Karen BLACK; Ronald Brock; Rick Grayson; Glenda Phillips; Chet Gallagher; Joseph Foreman; Gary McCullough; Louis Vasquez; Robert Roethlisberger; Dale Kahl; John Stetzer; Dena Neihouse; Carolyn Brice; George Caldwell; Mary Marshall; Dan Rosenblit; Jonathan Thoburn; Bryan Longworth; Raul Eugene Scott Hanson; Virginia K. Dyer; Carolyn Kinsey; Daphne Holcomb; Suzanne Marie Yingst; Connie Lee Garrett, Plaintiffs-Appellees, v. CITY OF ATLANTA; Darrell L. Williams, Police Officer, in his official and individual capacities; Jerry E. Price, Police Officer, in his official and individual capacities; A.E. Armstrong, Police Officer, in his official and individual capacities; D. Marcus, Police Officer, in his official and individual capacities; J.R. Freeman, Defendants-Appellants, John Doe, 1-25, Defendant.
This appeal grows out of a lawsuit filed by pro-life demonstrators after they were arrested by City of Atlanta (“City”) police officers for disorderly conduct near the Feminist Women's Health Center, a clinic located within the City limits where abortions are performed. The plaintiffs alleged causes of action for damages, as well as injunctive and declaratory relief, against the City and several of its law enforcement officers pursuant to the provisions of 42 U.S.C. § 1983 and Georgia law. On the eve of trial, counsel for the parties reached an agreement in settlement of the plaintiffs' claims. Based on that agreement, the United States District Court for the Northern District of Georgia entered a consent order which incorporated the terms of the stipulation. The City afterwards moved to set aside the consent order on the ground that its attorneys lacked the authority to bind the municipality to the agreement without the prior approval of the City Council. The primary focus of the objection was the provision for payment of monetary damages to the plaintiffs in the amount of $37,500.00. The district court denied the City's motion and it appealed. After oral argument, we concluded that the merits of the appeal were governed by an unanswered question of Georgia law. Consequently, we certified the following question to the Supreme Court of Georgia:
DOES AN EXPRESS RESTRICTION ON A CITY ATTORNEY'S RIGHT TO SETTLE A CAUSE OF ACTION, EMBODIED IN A MUNICIPAL ORDINANCE, WHICH IS NOT SPECIFICALLY COMMUNICATED BY THE CITY OR ITS ATTORNEY TO AN OPPOSING PARTY, CIRCUMSCRIBE THE CITY ATTORNEY'S APPARENT AUTHORITY TO BIND HIS CLIENT TO A SETTLEMENT AGREEMENT?
Black v. City of Atlanta, 35 F.3d 516, 518 (11th Cir.1994) (“Black I ”).1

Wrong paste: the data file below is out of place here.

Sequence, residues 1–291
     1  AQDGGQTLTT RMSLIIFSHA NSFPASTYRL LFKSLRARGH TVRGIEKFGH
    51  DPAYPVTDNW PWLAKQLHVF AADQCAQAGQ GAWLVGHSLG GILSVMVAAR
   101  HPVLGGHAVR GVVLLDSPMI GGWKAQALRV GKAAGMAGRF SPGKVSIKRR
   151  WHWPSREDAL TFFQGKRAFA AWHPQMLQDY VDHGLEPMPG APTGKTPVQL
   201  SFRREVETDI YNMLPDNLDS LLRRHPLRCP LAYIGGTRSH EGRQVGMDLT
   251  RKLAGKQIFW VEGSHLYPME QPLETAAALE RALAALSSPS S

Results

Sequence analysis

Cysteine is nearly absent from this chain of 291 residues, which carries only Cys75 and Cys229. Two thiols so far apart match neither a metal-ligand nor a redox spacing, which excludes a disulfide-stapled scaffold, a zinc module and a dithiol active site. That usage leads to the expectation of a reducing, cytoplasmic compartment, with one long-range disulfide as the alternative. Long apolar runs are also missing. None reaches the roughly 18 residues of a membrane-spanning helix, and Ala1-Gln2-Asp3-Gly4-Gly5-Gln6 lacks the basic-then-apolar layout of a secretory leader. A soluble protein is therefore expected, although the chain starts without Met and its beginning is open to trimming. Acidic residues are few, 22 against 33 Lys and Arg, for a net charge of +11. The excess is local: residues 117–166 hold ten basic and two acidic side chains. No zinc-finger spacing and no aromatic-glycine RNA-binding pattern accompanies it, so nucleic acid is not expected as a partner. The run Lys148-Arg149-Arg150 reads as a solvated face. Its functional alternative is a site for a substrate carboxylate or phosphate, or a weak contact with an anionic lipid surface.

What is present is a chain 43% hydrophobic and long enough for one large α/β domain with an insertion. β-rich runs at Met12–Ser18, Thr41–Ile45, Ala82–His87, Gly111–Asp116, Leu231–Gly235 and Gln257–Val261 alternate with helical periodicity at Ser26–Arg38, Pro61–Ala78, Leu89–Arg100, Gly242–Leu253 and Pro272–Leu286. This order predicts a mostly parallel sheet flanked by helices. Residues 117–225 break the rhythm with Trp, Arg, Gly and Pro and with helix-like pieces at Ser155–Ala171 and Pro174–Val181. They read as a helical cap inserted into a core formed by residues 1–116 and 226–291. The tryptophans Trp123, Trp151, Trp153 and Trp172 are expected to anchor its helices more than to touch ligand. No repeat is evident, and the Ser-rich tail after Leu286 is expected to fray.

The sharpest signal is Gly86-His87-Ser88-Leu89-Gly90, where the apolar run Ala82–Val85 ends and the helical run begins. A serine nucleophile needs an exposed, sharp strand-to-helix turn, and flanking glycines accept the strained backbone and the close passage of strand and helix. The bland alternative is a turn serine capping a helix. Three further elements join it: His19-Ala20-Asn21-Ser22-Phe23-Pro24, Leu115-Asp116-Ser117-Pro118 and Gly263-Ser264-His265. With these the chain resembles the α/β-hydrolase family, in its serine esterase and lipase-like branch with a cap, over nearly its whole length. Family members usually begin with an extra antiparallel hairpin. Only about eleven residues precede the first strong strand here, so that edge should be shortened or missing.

The Supreme Court of Georgia has now answered the question in the affirmative, holding that public sector attorneys are public officers within the meaning of O.C.G.A. § 45-6-5.2 City of Atlanta v. Black, 265 Ga. 425, 426, 457 S.E.2d 551, 552 (1995) (“Black II ”). The plaintiffs accordingly had a duty under Georgia law to apprise themselves as to the scope of the City attorneys' capacity to bind the municipality to the settlement contract, and failed to do so “ ‘at their peril.’ ” Id. (quoting Penitentiary Co. v. Gordon, 85 Ga. 159, 171, 11 S.E. 584, 586 (1890)) (emphasis deleted). The state court held moreover, citing O.C.G.A. § 1-3-6,3 that the plaintiffs were presumptively charged with knowledge of a municipal ordinance which proscribed the City's attorneys from settling any monetary claim in excess of $500.00 without first obtaining City Council approval. Id., 457 S.E.2d at 552-53. The court concluded that, because of these restrictions on the power “of the attorney-as-public-officer,” the Georgia law governing the ability of private sector attorneys to bind their clients, upon which the district court relied, did not apply. Id., 457 S.E.2d at 553.
In light of the opinion of the Supreme Court of Georgia, we REVERSE the district court's order denying the appellants' motion to set aside the consent decree and REMAND the case to the district court for a trial on the merits.4
1. Our earlier opinion contains a more detailed statement of the relevant facts and proceedings, which need not be repeated here.
2. O.C.G.A. § 45-6-5 provides that the “[p]owers of all public officers are defined by law and all persons must take notice thereof. The public may not be estopped by the acts of any officer done in the exercise of an unconferred power.”
3. O.C.G.A. § 1-3-6 states that “the laws of [Georgia] are obligatory upon all the inhabitants thereof. Ignorance of the law excuses no one.”
4. Of course, our ruling does not preclude the parties from concluding a settlement agreement consistent with the decision of the Supreme Court of Georgia in Black II.